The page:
Almost every time I’ve ordered a macchiato I’ve forgotten to ask for an ICED macciato. When they hand me the hot beverage with the cardboard coaster snug up around it, I know they see the look in my eyes and they’re already taking it back before I say, “I’m sorry, I meant to ask for an ICED macciato.”

They’re forced to fake a smile and say, “Certainly,” because those awesome Starbucks employees are trained that customers should always get what they want even if they’re complete jackasses like me. And then I sit in the car awkwardly while the line of cars grows behind me and I pretend to be texting someone on my phone even though under my breath I’m cursing myself for being such a jackass.

Why not just take the hot macchiato? Well, that would be like eating cow turd when you really wanted chocolate syrup. Big difference.

So my immediate life goal is to always remember to ask for ICED macchiatos so I don’t continue being that guy I never want to come across. That, or I should just start ordering macciatos with no coffee. Because let’s face it, vanilla is good cold or hot.

We’ve Adopted James!

Last week we officially became the proud parents of our foster son James (it’s his middle name). We’ve had him in our home for two years. In those two years the courts stalled and paperwork was filled out and lost (by the state, not by us), and James was assigned more social workers than we could count. I think it reached close to eight or nine.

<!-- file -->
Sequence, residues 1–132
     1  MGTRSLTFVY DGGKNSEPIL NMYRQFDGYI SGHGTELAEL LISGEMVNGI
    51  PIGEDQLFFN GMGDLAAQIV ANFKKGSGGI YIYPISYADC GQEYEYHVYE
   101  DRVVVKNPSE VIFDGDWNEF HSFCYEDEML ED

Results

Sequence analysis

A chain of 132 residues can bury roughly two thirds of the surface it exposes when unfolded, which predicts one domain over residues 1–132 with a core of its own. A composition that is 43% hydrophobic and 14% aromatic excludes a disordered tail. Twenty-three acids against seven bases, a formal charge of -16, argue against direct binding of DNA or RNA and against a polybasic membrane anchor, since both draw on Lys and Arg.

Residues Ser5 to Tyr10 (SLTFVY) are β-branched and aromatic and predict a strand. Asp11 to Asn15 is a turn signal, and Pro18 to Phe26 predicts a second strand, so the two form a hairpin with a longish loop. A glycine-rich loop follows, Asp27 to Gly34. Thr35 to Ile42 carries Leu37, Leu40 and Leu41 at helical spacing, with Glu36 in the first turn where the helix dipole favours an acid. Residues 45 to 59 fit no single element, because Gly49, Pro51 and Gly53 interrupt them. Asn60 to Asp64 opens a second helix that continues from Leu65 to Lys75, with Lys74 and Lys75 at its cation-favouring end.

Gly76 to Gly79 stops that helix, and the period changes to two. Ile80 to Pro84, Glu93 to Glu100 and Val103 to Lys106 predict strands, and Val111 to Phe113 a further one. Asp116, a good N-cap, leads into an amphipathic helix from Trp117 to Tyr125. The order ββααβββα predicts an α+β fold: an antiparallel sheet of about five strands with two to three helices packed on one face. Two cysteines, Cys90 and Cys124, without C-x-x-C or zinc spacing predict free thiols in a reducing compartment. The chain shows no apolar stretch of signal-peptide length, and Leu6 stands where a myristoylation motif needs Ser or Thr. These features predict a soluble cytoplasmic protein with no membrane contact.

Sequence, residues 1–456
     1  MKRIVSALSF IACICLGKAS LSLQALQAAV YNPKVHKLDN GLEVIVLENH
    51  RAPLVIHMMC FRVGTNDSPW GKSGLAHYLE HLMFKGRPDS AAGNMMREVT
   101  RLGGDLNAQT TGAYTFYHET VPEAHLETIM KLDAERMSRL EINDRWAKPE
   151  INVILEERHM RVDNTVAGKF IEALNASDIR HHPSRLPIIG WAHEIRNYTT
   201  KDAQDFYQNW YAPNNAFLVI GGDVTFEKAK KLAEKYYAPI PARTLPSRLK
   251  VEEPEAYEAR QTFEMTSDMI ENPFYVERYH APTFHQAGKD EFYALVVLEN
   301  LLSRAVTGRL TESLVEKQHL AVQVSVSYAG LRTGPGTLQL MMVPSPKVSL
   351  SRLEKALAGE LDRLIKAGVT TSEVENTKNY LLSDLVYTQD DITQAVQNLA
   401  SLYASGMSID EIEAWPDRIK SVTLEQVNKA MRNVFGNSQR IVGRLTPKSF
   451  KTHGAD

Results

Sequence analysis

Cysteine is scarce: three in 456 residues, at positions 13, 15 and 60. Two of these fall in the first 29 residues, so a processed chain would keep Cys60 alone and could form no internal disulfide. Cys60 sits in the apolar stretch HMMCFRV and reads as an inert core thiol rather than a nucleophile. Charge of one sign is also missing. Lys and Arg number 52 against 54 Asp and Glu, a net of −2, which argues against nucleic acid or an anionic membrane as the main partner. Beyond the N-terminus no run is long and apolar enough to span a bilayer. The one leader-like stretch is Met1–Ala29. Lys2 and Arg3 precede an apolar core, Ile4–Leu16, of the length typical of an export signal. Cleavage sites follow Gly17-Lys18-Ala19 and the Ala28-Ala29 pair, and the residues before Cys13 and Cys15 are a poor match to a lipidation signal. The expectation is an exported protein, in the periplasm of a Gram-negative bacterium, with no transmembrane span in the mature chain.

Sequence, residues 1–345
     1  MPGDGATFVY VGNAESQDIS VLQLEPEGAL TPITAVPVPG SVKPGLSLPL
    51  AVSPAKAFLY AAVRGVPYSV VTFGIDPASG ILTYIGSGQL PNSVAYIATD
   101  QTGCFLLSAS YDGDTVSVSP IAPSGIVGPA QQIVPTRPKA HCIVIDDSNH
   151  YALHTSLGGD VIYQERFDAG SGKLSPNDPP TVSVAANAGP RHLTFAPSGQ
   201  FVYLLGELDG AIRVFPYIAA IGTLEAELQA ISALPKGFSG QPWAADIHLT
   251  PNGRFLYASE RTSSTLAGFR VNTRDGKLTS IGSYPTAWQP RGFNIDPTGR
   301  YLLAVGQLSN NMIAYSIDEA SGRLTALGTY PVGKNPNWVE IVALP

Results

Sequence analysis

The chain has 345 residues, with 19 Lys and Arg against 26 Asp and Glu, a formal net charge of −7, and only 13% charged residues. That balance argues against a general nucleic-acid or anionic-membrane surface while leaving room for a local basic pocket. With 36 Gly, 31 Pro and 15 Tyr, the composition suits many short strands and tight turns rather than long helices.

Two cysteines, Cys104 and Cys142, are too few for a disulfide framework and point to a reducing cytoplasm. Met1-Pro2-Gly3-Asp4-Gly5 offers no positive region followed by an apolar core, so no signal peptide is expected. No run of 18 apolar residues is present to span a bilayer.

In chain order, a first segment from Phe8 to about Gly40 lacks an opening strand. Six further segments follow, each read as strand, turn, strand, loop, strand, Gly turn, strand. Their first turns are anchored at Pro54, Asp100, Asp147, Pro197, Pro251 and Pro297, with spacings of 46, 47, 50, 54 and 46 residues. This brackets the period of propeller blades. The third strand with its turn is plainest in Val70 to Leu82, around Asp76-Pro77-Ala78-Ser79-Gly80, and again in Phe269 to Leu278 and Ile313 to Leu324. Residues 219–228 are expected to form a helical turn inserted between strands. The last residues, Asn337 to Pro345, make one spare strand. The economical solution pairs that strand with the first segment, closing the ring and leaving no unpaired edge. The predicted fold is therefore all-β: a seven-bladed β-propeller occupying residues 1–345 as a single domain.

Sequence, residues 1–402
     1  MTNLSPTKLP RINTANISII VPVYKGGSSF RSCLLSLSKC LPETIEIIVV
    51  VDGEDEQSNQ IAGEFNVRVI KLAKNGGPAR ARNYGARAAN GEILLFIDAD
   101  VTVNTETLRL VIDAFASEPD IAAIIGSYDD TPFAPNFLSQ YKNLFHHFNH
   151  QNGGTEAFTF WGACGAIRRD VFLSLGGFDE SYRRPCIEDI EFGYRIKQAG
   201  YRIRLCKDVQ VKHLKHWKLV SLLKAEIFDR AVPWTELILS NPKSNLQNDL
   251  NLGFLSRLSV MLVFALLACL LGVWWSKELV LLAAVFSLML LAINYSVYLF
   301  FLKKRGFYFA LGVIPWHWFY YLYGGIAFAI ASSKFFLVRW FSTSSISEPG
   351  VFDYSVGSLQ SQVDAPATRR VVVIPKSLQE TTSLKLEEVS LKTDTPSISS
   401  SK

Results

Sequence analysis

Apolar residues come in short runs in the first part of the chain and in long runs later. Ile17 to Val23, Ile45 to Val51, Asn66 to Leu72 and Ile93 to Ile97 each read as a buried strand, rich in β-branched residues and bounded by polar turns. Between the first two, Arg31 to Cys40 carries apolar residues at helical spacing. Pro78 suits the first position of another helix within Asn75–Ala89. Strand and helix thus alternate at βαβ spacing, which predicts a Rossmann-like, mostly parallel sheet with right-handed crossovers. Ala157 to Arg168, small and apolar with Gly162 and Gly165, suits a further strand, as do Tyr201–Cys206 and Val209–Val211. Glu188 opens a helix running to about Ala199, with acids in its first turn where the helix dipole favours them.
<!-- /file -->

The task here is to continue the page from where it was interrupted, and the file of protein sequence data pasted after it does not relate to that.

It’s been a wild two years.

My favorite part of our entire adoption day was when the judge asked Sarabeth and me if we understood fully that in the eyes of the state, the country, and everyone else in the world, James is considered fully and entirely our son just as though he had been born to us.

I love that.

But unfortunately we live in a society that, generally speaking, frowns upon adoption. Sure, for many people it sounds lovely and poetic, but if legs are given to the idea, then people freak out for varying reasons:

“He’s going to wonder who his parents are.”

“She’s going to be a trouble-maker.”

And my favorite one to hate: “He’s not the same skin color.”

For being a country that prides itself on being the melting pot of the world, we sure are averse to interracial marriage, breeding, and adoption. But that’s a topic for another time. (Let me just say that racism would be long dead if we weren’t so preoccupied with  keeping black black and white white. Just saying.)

But even though people applaud adoption on the outside, there is a ton of animosity stirring even within the best-intentioned people. There are those that claim adoption can be harmful for children because they’ll grow up with more questions than answers.

Well, that may be true, but I wasn’t adopted and I still have questions about my past, but I don’t let it rule my life. We all have questions about our upbringing and our lives. Questions are just a part of life. As parents we’ll teach our kids to ask questions about themselves and the world, but we’ll also encourage them not to be driven by them.